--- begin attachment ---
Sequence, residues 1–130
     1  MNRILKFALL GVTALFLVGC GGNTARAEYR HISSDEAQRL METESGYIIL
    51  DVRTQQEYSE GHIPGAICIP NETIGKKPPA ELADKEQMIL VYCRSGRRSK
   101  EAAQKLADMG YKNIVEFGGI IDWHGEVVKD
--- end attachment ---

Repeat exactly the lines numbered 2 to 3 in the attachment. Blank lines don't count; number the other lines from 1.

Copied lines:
     1  MNRILKFALL GVTALFLVGC GGNTARAEYR HISSDEAQRL METESGYIIL
    51  DVRTQQEYSE GHIPGAICIP NETIGKKPPA ELADKEQMIL VYCRSGRRSK